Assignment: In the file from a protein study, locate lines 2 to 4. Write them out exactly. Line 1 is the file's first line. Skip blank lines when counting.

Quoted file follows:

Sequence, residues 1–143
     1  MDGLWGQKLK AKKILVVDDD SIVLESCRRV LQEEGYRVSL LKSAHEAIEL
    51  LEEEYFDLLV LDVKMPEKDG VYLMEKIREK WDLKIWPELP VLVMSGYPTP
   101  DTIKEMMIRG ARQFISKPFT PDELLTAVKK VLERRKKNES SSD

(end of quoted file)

     1  MDGLWGQKLK AKKILVVDDD SIVLESCRRV LQEEGYRVSL LKSAHEAIEL
    51  LEEEYFDLLV LDVKMPEKDG VYLMEKIREK WDLKIWPELP VLVMSGYPTP
   101  DTIKEMMIRG ARQFISKPFT PDELLTAVKK VLERRKKNES SSD